Far less popular than creamy New England clam chowder, Rhode Island's dairy-free version deserves a lot more attention. The rich broth is brightened with white wine and loaded with the flavor of clams, chunks of tender potato, and bits of smoky bacon. It may be my new go-to chowder.
Borrowing from the Mexican pantry, this easy, warming soup is made with roasted butternut squash, flavored with ancho chilies, and garnished with Mexican crema, cilantro, and pepitas. If butternut squash soup and chili had a lovechild, this might be it.
Making real-deal ramen is a lengthy project that requires planning in advance. But there are days when you just want a delicious bowl of it, without the fuss. This easy Korean-style kimchi ramen is for those times. It's loaded with flavor, but takes less than an hour to throw together, thanks to several umami-rich ingredients and a cool baking-soda trick that turns angel-hair pasta into ramen-like noodles.
Cauliflower gets a flavor-packed, smoky jolt from bacon in this creamy, comforting soup. It's simple to make and reheats beautifully.
An easy lentil soup is packed with flavor thanks to a dual-use mixture of parsley, garlic, and lemon zest that gets added both before and after cooking.
Rich chicken tortilla soup, made from slow-simmered chicken thighs, joins quintessential toppings—avocado, red onion, sour cream, cilantro, cheese, tortillas, limes and hot sauce—in this simple, sustaining slow-cooker meal. The broth gets both depth and brightness from chili powder, smoky chipotles, fire-roasted tomatoes, cumin, and a couple of secret ingredients: unsweetened cocoa powder and apple cider vinegar.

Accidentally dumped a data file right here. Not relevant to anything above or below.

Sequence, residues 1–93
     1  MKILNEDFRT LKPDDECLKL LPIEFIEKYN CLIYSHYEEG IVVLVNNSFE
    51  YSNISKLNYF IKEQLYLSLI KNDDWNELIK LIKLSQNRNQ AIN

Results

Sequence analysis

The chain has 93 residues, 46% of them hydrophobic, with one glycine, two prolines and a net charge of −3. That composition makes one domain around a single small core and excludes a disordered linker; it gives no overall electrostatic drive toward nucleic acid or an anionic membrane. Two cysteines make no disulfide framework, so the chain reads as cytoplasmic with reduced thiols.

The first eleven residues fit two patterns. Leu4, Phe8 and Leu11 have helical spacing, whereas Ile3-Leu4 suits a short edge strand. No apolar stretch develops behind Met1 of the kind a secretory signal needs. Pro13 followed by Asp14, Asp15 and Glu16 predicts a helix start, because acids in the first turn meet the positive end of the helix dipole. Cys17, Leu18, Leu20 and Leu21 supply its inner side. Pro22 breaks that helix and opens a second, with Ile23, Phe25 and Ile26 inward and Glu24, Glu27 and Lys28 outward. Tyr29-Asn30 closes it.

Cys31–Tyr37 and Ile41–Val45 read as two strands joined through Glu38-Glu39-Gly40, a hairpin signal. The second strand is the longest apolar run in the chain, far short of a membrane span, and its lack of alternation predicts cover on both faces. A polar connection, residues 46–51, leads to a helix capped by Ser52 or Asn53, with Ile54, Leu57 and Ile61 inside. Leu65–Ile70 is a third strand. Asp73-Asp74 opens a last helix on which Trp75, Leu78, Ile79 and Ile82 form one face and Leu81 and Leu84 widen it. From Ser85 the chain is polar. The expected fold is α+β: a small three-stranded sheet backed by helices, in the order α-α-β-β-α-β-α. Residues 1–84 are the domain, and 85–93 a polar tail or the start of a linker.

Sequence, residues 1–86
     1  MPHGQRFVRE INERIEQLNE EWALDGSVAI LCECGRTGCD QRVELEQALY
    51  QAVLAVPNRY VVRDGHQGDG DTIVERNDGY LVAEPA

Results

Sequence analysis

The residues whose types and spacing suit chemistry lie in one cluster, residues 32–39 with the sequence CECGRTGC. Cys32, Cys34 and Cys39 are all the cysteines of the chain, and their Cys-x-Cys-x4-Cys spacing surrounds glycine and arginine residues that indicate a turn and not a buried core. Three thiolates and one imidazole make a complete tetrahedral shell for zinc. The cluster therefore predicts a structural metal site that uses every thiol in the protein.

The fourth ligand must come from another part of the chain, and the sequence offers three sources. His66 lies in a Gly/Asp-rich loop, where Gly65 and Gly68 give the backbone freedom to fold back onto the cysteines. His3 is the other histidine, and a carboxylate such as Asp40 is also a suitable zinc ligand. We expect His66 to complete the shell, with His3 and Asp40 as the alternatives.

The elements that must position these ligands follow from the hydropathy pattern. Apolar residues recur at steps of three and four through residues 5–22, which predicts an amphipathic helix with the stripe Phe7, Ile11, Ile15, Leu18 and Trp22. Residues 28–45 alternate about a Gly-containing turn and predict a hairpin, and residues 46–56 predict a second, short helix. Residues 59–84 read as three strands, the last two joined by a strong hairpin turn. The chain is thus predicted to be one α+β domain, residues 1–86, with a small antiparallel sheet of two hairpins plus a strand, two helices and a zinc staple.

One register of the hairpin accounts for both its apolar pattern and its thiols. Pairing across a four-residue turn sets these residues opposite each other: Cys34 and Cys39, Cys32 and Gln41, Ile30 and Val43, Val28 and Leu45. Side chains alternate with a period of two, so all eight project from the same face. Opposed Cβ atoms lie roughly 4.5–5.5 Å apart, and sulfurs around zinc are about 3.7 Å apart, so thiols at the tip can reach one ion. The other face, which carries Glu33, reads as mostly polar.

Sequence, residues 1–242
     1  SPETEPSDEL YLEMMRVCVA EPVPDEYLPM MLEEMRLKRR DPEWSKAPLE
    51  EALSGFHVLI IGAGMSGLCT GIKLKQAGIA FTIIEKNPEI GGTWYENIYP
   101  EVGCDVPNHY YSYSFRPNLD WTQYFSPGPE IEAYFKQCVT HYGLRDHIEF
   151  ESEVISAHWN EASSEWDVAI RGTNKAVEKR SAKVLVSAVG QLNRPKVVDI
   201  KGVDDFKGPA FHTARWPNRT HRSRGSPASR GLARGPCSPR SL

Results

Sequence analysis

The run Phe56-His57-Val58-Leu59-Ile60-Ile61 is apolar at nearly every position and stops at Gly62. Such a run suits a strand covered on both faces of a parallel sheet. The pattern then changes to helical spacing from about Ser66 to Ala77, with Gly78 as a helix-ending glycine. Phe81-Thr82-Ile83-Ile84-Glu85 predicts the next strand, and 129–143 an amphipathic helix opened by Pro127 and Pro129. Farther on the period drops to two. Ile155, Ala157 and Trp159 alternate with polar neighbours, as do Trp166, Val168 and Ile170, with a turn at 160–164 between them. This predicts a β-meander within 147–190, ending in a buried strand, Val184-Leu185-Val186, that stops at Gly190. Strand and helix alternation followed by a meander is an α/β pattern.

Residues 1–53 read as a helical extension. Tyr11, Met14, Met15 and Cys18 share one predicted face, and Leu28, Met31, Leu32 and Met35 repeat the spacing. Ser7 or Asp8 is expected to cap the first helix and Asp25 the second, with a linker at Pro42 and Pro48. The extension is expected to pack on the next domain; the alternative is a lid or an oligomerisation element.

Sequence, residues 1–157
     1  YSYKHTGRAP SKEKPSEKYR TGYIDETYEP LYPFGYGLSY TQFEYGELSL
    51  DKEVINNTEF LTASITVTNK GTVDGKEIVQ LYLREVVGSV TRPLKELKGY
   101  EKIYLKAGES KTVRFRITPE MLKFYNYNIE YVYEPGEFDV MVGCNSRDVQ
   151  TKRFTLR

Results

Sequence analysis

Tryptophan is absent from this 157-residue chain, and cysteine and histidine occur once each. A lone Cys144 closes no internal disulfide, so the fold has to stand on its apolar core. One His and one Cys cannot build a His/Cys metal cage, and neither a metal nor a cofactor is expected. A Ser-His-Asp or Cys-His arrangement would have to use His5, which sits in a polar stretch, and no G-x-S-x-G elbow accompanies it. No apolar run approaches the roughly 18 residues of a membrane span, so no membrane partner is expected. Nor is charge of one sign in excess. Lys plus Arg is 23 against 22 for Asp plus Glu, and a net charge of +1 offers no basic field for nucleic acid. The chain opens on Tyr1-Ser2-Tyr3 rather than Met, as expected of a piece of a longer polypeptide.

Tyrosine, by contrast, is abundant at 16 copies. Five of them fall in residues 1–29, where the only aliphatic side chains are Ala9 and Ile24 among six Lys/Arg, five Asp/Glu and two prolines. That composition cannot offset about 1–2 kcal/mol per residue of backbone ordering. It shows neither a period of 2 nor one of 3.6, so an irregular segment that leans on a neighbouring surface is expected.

White chicken stock, in which neither the chicken nor the aromatics are roasted first, may be the most versatile of all stocks. It's also incredibly easy to make, leading to a deeply flavorful stock, with a method and ingredients that are as easy and accessible as possible. Requiring such a minimal investment of time and effort, this stock will upgrade any dish or sauce you make compared to the store-bought variety.
In her new cookbook, A Boat a Whale & a Walrus, chef Renee Erickson gives us this simple, impeccable gem of a recipe that I will make every and all summer forever. It involves nothing more than a ripe summer melon blended with lime juice and zest, a few mint leaves, a bit of yogurt and olive oil, salt and an inspired pinch of cayenne pepper.
This pot of noodles with Thai coconut curry and fresh shrimp can be made ahead and taken to work. Just add boiling water, seal it up for three minutes, add the contents of the fresh herb packet, and you've got a hot lunch ready.
This pot of noodles with miso, sesame, and a ton of fresh vegetables can be made ahead and taken to work. Just add boiling water, seal it up for three minutes, add the contents of the fresh scallion packet, and you've got a hot lunch ready.
This pot of noodles with kimchi, mushrooms, and beef can be made ahead and taken to work. Just add boiling water, seal it up for three minutes, add the contents of the fresh herb packet, and you've got a hot lunch ready.